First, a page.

Saint Patricia (1625) by Leonardo Carpentiero
Photo courtesy of Electra Napoli*
"The creative genius of Neapolitan chaos juxtaposes and merges the two female archetypes, and tosses in an element of ancient sorcery for piquancy. Both Parthenope and Saint Patrizia are virgins and have noble ancestry. Both have power to control natural elements. Both came from the East and died on the shores of the Gulf of Naples. Patrizia landed on the island of Megaride, where Virgil cast his saving spell on the Castel dell'Ovo, where the ancient Cumans built the first Neapolitan buildings, and where they believed Parthenope arrived, dead or dying. And in the seventeenth century, at the height of the Baroque, the body of Saint Patrizia was carried to a monastery atop the hill of Caponapoli, where, centuries earlier, the tomb of Parthenope was located. Patrizia was proclaimed a patron saint of Naples from Parthenope's old temple." (p. 38-39)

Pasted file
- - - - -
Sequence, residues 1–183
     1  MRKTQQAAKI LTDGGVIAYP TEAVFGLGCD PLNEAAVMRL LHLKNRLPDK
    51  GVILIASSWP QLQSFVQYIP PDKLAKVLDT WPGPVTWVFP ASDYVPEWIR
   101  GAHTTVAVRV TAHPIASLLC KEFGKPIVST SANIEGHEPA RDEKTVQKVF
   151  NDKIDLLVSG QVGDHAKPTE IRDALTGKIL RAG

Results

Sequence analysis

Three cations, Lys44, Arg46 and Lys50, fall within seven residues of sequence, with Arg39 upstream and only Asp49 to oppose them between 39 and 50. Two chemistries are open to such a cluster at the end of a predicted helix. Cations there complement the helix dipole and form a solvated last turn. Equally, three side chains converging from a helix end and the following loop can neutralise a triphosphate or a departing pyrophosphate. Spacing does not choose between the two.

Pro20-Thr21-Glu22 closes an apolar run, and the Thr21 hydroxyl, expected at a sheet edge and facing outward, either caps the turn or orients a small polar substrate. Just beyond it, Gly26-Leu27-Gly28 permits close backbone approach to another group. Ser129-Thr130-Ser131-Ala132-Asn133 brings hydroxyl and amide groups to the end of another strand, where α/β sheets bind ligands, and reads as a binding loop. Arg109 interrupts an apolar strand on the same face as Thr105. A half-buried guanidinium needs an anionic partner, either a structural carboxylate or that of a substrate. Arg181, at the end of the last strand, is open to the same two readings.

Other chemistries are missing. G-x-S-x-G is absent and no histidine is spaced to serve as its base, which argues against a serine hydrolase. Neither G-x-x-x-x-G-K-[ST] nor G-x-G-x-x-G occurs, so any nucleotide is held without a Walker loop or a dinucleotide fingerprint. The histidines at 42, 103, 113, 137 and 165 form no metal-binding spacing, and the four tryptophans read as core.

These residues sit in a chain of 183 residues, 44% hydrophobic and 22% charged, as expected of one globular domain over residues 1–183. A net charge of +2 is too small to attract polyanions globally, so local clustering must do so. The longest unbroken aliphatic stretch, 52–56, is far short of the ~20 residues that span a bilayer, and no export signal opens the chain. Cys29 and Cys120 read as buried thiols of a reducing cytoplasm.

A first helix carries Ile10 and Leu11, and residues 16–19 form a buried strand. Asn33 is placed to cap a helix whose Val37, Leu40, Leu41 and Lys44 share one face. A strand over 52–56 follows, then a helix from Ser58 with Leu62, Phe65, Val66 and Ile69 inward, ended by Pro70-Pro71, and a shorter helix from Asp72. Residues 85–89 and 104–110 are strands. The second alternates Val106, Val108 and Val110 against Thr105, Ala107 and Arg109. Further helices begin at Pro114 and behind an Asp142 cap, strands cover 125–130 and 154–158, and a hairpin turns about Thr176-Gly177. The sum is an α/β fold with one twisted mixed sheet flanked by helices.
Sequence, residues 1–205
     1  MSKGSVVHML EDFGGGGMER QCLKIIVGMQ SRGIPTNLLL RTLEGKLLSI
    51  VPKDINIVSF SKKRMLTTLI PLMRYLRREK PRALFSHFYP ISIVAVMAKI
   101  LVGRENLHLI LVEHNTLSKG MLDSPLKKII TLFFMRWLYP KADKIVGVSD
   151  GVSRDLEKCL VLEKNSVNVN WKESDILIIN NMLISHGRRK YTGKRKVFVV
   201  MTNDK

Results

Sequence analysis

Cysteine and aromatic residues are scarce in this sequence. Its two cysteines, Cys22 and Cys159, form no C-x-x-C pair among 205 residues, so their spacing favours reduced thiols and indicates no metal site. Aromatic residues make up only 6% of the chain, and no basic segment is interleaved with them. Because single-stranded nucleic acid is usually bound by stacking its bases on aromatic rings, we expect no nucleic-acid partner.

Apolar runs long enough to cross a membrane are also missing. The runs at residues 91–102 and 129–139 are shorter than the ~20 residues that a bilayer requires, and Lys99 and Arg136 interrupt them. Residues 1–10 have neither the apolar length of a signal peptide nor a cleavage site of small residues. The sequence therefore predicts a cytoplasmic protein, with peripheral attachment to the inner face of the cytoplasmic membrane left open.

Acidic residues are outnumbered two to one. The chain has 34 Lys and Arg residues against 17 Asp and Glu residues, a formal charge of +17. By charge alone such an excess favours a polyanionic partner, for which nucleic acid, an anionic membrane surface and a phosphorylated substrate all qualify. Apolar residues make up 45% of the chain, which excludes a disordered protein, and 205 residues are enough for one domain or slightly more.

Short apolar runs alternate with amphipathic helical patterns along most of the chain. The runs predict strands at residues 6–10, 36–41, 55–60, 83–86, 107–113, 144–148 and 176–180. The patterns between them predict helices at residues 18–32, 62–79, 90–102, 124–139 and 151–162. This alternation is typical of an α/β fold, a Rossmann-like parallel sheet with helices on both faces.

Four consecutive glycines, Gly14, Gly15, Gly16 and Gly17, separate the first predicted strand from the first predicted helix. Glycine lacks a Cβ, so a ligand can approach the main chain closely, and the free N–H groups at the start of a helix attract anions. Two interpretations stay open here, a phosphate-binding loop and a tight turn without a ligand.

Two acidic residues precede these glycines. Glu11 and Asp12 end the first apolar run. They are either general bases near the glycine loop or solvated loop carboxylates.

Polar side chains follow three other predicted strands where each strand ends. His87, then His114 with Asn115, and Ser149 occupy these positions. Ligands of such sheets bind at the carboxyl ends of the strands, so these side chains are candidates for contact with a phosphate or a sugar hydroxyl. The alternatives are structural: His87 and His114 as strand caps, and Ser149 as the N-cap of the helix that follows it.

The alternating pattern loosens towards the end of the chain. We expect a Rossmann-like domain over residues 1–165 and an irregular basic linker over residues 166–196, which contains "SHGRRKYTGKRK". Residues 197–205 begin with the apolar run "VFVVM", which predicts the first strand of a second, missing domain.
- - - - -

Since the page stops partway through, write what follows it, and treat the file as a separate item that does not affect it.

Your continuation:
Fountain of the Siren (Fontana della Sirena),
Piazza Sannazaro, Napoli
Photo by New York Scugnizzo
"Saints bodies in life and after death were considered to have efficacious healing powers, and their blood was believed to be able to transmit grace and virtue, a symbolism that connected aristocratic values and noble blood to the religious fervor of saintly virtue." (p. 204-205).This ancient cult of the blood is peculiarly Neapolitan and still resonates with the devoted people of Naples today.
|Castel dell'Ovo, Megaride (Photo by New York Scugnizzo)|